Fishing in Alaska will leave you an indelible memory or, more likely, many memories. The biggest problem with fishing Alaska is choice – there are too many excellent fishing locations and not enough hours in the day. There is extraordinary coastal fishing, but do not overlook the thousands of exquisite Alaskan rivers and millions of lakes that provide year round fishing.
Alaska is hands down the best salmon fishing America can offer. Alaska has a variety of salmon, including King, pink, red, and chum. Though for most the image of standing knee-deep in water while they shoot past you against a mountainous landscape is more than enough, Alaska also has some of the best saltwater salmon fishing. Trolling along for salmon, especially silver salmon in Alaskan waters during summer, can be an equally exhilarating experience that may become the highlight of your trip.
The most popular is the King salmon. If you visit Alaska, you must fish for these gorgeous creatures. Deep Creek and Anchor River are some amazing spawning grounds. Remember, King salmon fishermen need an extra stamp on their license.
Trout fishing is ever popular, and comes in at a close second to Alaska’s salmon fishing. Rainbow and steelhead have a longer run then salmon, which can only spawn once before dying, so if you want longevity plan for trout. Trout provide excellent freshwater and saltwater fly fishing in Alaska. The Kenai River is a favorite, along with the Swanson River, and Watson Lake.
Steelheads can grow to huge sizes and they are some of the state’s best fighters – A steelhead will make its presence on your line known! They can be found in the Gulf of Alaska and around the Alaskan peninsula. No wonder sport fishing is a multi-billion dollar economy in Alaska!
Alaska is also home to the bright spotted Dolly Varden trout. They can be found around Kodiak Island, in the Mackenzie River, or Wulik River. The aforementioned Wulik River is the proud record holder of Dolly Varden Trout which weighed in at over twenty-seven pounds.
The Kenai River is popular in Alaska. The Kenai River is home to Dolly Varden, steelhead, cutthroat trout, pink and chum salmon. For trophy sized salmon it is difficult to go wrong during the red or King salmon runs.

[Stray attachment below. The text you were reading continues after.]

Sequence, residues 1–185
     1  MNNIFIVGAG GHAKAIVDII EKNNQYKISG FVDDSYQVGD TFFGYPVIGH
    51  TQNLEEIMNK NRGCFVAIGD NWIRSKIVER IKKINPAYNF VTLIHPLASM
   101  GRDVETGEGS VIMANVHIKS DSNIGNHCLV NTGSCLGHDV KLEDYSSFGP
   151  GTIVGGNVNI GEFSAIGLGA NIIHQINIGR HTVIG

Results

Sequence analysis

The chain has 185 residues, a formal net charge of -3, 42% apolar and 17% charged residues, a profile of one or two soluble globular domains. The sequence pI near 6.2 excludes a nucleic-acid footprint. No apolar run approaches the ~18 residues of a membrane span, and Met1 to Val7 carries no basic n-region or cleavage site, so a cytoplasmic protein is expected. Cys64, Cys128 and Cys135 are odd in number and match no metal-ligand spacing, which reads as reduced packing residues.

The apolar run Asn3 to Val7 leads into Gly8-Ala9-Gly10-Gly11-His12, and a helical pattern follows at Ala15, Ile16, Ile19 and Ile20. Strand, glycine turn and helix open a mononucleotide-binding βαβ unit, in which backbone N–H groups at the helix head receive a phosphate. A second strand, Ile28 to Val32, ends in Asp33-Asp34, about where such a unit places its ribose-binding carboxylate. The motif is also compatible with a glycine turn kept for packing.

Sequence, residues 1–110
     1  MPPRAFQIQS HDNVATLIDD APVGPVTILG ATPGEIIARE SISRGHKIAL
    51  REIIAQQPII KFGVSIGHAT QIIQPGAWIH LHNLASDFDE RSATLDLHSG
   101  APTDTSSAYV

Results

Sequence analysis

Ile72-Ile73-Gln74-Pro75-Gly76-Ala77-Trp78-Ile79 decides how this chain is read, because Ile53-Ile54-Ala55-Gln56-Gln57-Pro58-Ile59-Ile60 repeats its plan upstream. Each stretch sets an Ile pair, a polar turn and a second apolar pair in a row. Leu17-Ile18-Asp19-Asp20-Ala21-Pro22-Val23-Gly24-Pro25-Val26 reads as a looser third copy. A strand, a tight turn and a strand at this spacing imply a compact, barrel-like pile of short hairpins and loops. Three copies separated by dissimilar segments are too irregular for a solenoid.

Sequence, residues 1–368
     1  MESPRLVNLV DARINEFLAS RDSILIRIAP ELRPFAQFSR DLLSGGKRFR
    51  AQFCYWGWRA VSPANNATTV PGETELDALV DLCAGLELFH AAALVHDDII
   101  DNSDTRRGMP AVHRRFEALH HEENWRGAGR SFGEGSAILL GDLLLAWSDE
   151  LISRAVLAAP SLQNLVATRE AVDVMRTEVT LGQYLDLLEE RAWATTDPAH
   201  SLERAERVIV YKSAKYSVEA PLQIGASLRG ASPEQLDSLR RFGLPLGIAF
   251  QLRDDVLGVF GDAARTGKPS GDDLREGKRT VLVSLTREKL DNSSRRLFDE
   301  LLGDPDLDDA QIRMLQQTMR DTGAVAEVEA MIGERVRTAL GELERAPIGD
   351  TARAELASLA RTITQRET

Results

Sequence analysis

If you do visit Alaska, you will want to fish for halibut as well. A native of these cold waters, halibut can grow to be hundreds of pounds. For summer halibut stay a little more inland in Bristol Bay, but in the winter head far out into open waters. Unalaska Bay took the state halibut record with a fish weighing over four-hundred and fifty pounds.
A lesser known sport fish of Alaska, the ling cod, is worth putting a day aside for. These lengthy fish can appear near shore and out in the open ocean. Monty Island was honored with the state ling cod record that surpassed eighty pounds. You can also try Elfin Cove for sizable ling cod.
With an abundance of rivers it is no surprise that Alaska is a premiere fly fishing destination, too. Trout and salmon are the primary fly fishing targets, although grayling make excellent fly fishing targets as well.
If you can afford to hire someone to take you into the wilderness you may create the memory of a lifetime fly fishing where no man has before. Alaska presents a unique opportunity to travel via helicopter into vast uninhabited areas where few fishermen go. If planning to head into a more rugged environment it is best to charter a boat led by an experienced person to guide you and ensure your safety (from the landscape and wildlife). With the state’s year round monitoring you can go online to find the most up to date information, regulations, and hot spots.